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main image Simultaneous Interpretation view gallery

Interpretation is now an essential service in today's global market. No successful international event without simultaneous interpretation. In simultaneous interpretation (SI), one interpreter is used for each language combination. E.g. English-French, or English-Portuguese, etc. The interpreter renders the message in the target-language based on his language combination as quickly as he or she can formulate it from the source language, while the source-language speaker continuously speaks; an oral-language SI interpreter, sitting in a sound-proof booth, speaks into a microphone, while clearly seeing and hearing the source-language speaker via earphones. The simultaneous interpretation is rendered to the target-language listeners via their earphones. Moreover, SI is the common mode used by sign language interpreters, although the person using the source language, the interpreter and the target language recipient (since either the hearing person or the deaf person may be delivering the message) must necessarily be in close proximity.


main image Mobile Interpretation view gallery

These simple radio systems have been developed to enable interpreters or guides to talk to groups of people on the move, while they are visiting tourist attractions, factories, places, exhibits, etc.

The system operates so that the group listens via their headsets to one speaker who speaks in a particular language while a simultaneous interpreter in the back ground is also listening to the same speaker and interpreting what he is hearing directly in the hears of the listeners who hear it in their particular language.

Occasionally a group will be divided into different language groups in which case each group will have headsets that are linked back to one interpreter based on their language.

The system is not designed for participant interventions. But this can be accommodated by the additional use of other system such as our Public Address systems (PA systems) with a roving microphone.

main image Simultaneous Interpretation view gallery


main image Consecutive Interpretation view gallery

In consecutive interpreting (CI), the interpreter speaks after the source-language speaker has finished speaking. The speech is divided into segments, and the interpreter sits or stands beside the source-language speaker, listening and taking notes as the speaker progresses through the message. When the speaker pauses or finishes speaking, the interpreter then renders a portion of the message or the entire message in the target language.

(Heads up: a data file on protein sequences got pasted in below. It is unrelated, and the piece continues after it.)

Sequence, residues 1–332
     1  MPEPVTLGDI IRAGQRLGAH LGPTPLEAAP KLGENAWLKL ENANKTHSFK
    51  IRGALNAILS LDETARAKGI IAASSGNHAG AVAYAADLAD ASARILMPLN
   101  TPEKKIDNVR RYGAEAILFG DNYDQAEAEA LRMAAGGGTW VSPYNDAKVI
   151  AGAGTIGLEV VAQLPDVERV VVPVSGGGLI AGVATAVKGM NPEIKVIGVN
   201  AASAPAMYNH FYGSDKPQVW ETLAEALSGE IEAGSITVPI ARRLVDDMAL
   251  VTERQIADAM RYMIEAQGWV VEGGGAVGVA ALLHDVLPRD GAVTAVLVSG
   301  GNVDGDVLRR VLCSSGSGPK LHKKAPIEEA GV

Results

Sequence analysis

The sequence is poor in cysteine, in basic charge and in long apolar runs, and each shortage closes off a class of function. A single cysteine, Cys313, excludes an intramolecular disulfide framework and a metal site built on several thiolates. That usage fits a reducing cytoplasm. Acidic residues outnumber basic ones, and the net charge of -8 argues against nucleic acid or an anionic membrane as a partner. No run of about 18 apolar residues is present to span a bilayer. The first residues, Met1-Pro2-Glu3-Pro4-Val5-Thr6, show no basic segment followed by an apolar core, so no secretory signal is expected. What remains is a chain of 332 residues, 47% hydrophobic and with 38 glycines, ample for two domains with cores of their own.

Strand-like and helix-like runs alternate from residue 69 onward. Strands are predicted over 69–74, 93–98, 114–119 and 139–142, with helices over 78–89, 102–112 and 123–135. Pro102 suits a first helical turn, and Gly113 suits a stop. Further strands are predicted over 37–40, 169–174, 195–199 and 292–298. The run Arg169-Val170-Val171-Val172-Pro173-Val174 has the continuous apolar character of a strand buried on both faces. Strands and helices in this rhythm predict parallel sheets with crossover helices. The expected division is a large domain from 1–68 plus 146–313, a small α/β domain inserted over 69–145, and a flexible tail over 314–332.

Consecutive interpretation is rendered as "short CI" or "long CI". In short CI, the interpreter relies on memory, each message segment being brief enough to memorize. In long CI, the interpreter takes notes of the message to aid rendering long passages. These informal divisions are established with the client before the interpretation is effected, depending upon the subject, its complexity, and the purpose of the interpretation.

On occasion, document sight translation is required of the interpreter during consecutive interpretation work. Sight translation combines interpretation and translation; the interpreter must render the source-language document to the target-language as if it were written in the target language. Sight translation occurs usually, but not exclusively, in judicial and medical work.

To avoid confusions and waste of time, consecutive interpretation is advisable only when the meeting will have one language combination. e.g. English-Spanish.

Whispering Interpretation

main image Whispering Interpretation view gallery

In whispered interpreting (chuchotage, in French), the interpreter sits or stands between two delegates or next to one person or to a small target-language audience whilst whispering to them a simultaneous interpretation of the matter to hand; this method requires no equipment, but may be done via a microphone and headphones if the participants prefer.

Chuchotage is used in circumstances where the majority of a group speaks the source language, while a minority (ideally no more than three people) does not.

In this case, when one of the minority delegates wishes to speak, there will be a need to use consecutive interpretation to the benefit of the majority audience.

We are a reputable language interpretation company in South Africa, for your events needs in English, French, Chinese, Spanish, Zulu, Xhosa, Arabic language interpretation our qualified interpreters are at your disposals.

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